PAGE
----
from The American Heritage® Dictionary of the English Language, 5th Edition.
- noun A large collection of writings of a specific kind or on a specific subject.
- noun A collection of writings or recorded remarks used for linguistic analysis.
- noun The capital or principal amount, as of an estate or trust.
- noun The principal of a bond.
- noun The main part of a bodily structure or organ.
- noun A distinct bodily mass or organ having a specific function.
- noun The overall length of a violin.
from The Century Dictionary.
- noun Principal, as opposed to interest or income: as, these payments should be made out of corpus, and not out of income.
- noun In algebra, a manifold, such that its elements are representable by symbols which can be combined according to the laws of ordinary algebra, every algebraic expression obtained by combining a finite number of symbols by means of a finite chain of rational operations (+, —, ×, /) being capable of interpretation as representing a definite element of the manifold, with the single reservation that division by zero is inadmissible.
- noun Literally, a body; matter of any kind. In anatomy: The entire physical body of an animal. See
soma. Some part of the body specified by a qualifying term. See phrases below.
- noun A collection, especially a complete one, or an account of such a collection.
- noun The whole content; the material substance.
- noun Same as
- noun A somewhat similar mass of gray matter in each olivary body. Also called
from the GNU version of the Collaborative International Dictionary of English.
- noun A body, living or dead; the corporeal substance of a thing.
- noun (Anat.) the great band of commissural fibers uniting the cerebral hemispheres. See
- noun (R. C. Ch.) a festival in honor of the eucharist, observed on the Thursday after Trinity Sunday.
- noun Same as Pyx cloth, under
- noun (Law) the substantial and fundamental fact of the comission of a crime; the proofs essential to establish a crime.
- noun (Anat.) the reddish yellow mass which fills a ruptured Graafian follicle in the mammalian ovary.
- noun (Anat.) a ridge in the wall of each lateral ventricle of the brain.
from Wiktionary, Creative Commons Attribution/Share-Alike License.
- noun the
- noun linguistics a collection of writings, often on a specific topic, of a specific genre, from a specific demographic, a single author etc.
from WordNet 3.0 Copyright 2006 by Princeton University. All rights reserved.
- noun capital as contrasted with the income derived from it
- noun the main part of an organ or other bodily structure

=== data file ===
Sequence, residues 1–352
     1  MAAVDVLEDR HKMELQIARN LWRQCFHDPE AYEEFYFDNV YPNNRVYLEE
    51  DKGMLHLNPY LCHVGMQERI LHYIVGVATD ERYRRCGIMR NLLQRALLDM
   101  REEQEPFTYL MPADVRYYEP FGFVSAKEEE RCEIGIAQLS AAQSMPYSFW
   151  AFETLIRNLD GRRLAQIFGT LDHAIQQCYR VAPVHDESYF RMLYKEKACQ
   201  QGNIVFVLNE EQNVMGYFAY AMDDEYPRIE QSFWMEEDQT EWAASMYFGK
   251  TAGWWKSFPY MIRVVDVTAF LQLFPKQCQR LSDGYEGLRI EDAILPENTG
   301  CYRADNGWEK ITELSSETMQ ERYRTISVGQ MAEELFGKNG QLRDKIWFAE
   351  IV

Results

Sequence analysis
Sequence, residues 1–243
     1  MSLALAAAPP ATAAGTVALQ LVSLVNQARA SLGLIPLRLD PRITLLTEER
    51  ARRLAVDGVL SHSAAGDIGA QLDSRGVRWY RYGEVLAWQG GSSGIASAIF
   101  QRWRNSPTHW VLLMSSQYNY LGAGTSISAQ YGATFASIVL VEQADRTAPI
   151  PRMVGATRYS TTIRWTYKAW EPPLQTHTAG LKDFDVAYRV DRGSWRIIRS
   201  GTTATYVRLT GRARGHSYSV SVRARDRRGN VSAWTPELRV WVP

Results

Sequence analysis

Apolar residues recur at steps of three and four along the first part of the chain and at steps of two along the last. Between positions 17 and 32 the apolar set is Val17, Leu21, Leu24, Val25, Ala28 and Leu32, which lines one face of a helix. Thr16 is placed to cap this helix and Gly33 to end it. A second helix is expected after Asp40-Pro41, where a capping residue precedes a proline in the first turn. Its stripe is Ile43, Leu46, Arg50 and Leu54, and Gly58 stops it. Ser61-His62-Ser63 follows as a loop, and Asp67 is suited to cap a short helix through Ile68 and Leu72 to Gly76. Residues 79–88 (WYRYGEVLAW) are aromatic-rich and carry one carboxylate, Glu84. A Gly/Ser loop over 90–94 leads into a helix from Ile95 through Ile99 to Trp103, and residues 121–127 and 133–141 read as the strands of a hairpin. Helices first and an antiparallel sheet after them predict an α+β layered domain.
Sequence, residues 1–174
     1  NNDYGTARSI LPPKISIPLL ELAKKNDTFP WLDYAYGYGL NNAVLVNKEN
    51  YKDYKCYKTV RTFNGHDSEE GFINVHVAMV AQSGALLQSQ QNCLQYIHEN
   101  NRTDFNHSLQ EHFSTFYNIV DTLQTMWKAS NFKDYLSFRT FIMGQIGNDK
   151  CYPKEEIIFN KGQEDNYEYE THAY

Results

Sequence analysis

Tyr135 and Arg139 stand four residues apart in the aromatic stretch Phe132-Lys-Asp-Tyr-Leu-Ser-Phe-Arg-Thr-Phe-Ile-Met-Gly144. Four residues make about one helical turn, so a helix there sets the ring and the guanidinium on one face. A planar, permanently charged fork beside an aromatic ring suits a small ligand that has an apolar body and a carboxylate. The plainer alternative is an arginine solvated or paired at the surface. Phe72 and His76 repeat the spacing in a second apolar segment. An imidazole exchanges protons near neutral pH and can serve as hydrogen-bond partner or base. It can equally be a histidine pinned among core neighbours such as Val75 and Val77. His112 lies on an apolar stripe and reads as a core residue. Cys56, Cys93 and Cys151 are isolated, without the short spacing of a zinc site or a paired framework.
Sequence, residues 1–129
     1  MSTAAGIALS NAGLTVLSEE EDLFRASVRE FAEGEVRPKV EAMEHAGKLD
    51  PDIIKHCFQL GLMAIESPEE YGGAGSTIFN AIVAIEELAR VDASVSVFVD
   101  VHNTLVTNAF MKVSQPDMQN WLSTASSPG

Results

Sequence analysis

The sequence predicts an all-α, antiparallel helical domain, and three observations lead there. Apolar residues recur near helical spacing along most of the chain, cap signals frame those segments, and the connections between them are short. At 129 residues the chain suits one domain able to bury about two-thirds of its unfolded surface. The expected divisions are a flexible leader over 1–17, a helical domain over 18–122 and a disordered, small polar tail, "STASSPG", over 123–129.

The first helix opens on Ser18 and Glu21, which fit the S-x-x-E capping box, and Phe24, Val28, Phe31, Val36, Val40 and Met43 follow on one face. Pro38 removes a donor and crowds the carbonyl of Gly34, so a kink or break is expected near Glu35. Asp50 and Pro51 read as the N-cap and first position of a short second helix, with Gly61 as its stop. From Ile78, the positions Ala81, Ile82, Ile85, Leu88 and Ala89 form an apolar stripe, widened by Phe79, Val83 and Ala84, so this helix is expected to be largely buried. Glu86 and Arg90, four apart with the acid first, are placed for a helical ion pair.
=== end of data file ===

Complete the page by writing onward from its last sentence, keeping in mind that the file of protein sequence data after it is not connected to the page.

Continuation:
- noun a collection of writings
from The American Heritage® Dictionary of the English Language, 4th Edition
from Wiktionary, Creative Commons Attribution/Share-Alike License
The term corpus here denotes a collection of documents; corpus juris,
We cannot better explain the signification of the term corpus juris canonici than by showing the successive meanings which were assigned to it in the past and which it usually bears at the present day.
Chemical Eye on Cage Compounds - Habeas corpus is Latin for "You should have the body".
And habeas corpus is pretty tricky because its jargonistic meaning is so far removed from its literal sense, but it might reasonably be translated as пусть душу представят, I would guess without Googling, or more literally (указаем), чтобы ты представил тело.
These concerns have particular bearing upon the Suspension Clause question in the cases now before us, for the writ of habeas corpus is itself an indispensable mechanism for monitoring the separation of powers.
Ending habeas corpus is not an infringement of rights because after all the constitution is not a suicide pact.
The only way he could support denial of habeus corpus now, when all terrorists taken into custody on U.S. soils during his administration got habeus corpus is if there are more than the official record admits.
The continued suspension of habeas corpus is a recruiting tool for Al-Qaida.
For example when you say, “most people say” …. how can we make that inference and leap of faith when the corpus is based on written entries?
As the seven "Critical Essays 1966-1996" selected by Wilcox clearly attest, London's major corpus is very much alive and well.